Beards aren't a thing.
Perhaps more appropriately, I should say that beards aren't a thing sailors chose to wear, except in the most dire circumstances. In the hundreds of images I've examined, only four clearly show beards.
|Without._from the London Gazette of 11 June, 1757, T. Ewart, |
Yale University Lewis Walpole Library.
|A new way to pay the National-Debt, James Gillray, 1786, British Museum.|
|Plate from Histoire des Naufrages, engraved by Marillier, 1788, |
John Carter Brown Library of Early American Images.
|Frost on the Thames, Samuel Collings, 1788-1789, Yale Center for British Art.|
This appears to be the case in what few references there are in sailors' memoirs, too. Ebenezer Fox, writing many decades after his experiences, claimed that prisoners on the hulk Jersey had 'their beards never cut, excepting occasionally with a pair of shears, which did not improve their comeliness, though it might add to their comfort.' Despite their condition, they still sought to cut away what facial hair they could.
I've found only one case in which a sailor chose to wear a beard in this period. When John Nicol learned that a press gang awaited him back at port, 'I had allowed my beard to grow long and myself to be very dirty to be as unlikely as possible when the man-of-war boats came on board to press the crew.' He believed, perhaps rightly, that the Royal Navy had no interest in taking a dirty, bearded soul that might infect their ship. While it is likely that Nicol did more than grow a beard to appear disheveled and undesirable, it was the only specific action he relates in this goal. Nicol thought that the beard was essential to looking 'very dirty.'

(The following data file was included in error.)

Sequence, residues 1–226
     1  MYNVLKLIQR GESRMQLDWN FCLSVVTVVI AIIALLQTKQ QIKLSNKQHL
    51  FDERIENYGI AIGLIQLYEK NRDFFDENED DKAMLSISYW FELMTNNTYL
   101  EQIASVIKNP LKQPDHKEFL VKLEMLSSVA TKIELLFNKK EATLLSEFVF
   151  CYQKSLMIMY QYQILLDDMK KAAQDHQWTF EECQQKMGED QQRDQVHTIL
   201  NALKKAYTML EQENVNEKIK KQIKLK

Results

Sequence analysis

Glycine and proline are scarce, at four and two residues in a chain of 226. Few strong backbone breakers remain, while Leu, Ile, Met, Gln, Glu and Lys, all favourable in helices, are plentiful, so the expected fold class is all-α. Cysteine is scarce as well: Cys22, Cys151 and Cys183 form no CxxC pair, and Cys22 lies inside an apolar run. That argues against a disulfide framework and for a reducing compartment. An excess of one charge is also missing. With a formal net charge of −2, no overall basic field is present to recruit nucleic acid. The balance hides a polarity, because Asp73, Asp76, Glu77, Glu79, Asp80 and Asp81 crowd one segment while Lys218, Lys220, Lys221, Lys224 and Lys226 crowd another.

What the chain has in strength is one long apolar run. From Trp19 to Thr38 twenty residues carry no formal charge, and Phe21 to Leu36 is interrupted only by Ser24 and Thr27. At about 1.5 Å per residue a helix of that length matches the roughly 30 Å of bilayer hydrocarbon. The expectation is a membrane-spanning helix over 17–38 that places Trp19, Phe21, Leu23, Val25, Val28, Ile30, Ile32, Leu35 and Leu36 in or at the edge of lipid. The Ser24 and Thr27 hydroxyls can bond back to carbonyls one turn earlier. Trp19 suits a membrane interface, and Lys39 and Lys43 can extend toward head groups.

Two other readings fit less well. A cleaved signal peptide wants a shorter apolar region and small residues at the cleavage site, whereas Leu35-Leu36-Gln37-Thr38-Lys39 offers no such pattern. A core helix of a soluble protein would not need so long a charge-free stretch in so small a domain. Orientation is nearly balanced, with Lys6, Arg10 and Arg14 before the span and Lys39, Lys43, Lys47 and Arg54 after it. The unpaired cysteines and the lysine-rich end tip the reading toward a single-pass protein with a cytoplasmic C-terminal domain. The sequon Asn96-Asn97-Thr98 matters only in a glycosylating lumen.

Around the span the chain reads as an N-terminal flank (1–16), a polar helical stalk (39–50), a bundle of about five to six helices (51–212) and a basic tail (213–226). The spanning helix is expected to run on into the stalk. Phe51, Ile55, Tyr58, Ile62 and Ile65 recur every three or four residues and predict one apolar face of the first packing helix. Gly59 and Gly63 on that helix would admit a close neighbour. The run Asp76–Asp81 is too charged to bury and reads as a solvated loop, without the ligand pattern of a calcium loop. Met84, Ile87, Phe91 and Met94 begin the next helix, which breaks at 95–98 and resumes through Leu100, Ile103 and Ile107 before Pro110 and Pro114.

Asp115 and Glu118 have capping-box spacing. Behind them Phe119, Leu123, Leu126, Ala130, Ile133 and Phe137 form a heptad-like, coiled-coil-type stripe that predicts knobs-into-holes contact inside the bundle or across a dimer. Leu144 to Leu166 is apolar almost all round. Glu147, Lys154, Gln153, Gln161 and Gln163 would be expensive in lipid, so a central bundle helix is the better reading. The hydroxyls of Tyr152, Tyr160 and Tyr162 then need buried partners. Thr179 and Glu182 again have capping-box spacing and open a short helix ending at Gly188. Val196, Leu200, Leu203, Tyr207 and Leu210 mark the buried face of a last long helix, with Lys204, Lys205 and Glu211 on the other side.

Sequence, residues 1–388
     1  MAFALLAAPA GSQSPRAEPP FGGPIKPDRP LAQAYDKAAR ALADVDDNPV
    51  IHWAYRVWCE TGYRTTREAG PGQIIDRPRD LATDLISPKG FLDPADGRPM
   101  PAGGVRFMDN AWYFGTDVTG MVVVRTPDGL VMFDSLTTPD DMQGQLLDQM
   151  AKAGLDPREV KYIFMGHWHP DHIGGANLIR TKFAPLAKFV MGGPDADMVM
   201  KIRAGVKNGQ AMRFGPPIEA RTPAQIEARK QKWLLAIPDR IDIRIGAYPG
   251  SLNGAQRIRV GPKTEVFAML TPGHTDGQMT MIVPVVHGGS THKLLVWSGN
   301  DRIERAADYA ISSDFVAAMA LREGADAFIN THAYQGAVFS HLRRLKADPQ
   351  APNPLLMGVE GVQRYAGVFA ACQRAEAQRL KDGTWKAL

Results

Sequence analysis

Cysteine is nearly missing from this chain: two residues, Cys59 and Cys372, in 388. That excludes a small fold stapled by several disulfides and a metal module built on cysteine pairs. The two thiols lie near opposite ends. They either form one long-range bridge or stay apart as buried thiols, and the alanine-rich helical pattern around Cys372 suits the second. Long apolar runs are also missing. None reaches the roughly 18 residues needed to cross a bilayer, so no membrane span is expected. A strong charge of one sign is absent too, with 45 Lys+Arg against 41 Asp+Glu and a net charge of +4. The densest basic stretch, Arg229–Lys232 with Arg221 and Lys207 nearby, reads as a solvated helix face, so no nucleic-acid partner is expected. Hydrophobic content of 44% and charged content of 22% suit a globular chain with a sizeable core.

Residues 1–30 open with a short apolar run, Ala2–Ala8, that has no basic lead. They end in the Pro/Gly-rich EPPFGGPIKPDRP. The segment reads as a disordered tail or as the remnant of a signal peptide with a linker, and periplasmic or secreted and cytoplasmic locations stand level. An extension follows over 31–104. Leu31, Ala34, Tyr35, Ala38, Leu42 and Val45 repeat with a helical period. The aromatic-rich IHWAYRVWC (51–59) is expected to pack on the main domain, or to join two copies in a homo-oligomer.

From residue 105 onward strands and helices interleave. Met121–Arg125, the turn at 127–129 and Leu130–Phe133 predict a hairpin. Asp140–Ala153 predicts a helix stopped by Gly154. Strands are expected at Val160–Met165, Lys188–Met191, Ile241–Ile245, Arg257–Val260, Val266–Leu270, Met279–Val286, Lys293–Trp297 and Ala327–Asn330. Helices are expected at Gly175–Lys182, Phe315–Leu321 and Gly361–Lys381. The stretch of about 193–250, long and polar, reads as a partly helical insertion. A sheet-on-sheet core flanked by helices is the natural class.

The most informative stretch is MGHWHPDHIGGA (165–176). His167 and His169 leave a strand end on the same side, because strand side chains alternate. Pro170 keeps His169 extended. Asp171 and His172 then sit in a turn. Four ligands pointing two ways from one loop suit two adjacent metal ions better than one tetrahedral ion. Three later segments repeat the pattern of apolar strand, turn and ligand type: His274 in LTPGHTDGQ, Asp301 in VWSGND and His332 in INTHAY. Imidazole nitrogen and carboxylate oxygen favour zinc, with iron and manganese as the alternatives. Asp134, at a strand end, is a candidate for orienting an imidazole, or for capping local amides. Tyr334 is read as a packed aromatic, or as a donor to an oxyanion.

Some sailors undoubtedly did wear sideburns, as depicted by Copley in his masterpiece Watson and the Shark.
|Watson and the Shark, John Singleton Copley, 1778, National Gallery of Art|
 Fox, Ebenezer, The Adventures of Ebenezer Fox in the Revolutionary War, Boston: Charles Fox, 1847, page 108.
 Nicol, John, The Life and Adventures of John Nicol, Mariner, edited by Tim Flannery, New York: Atlantic Monthly Press, 1997, page 162.
 Snell, Hannah, The Female Soldier; Or, The Surprising Life and Adventures of Hannah Snell, London: R. Walker, 1750, in The Lady Tars: The Autobiographies of Hannah Snell, Mary Lacy and Mary Anne Talbot, Tucson, Arizona: Fireship Press, 2008, page 26.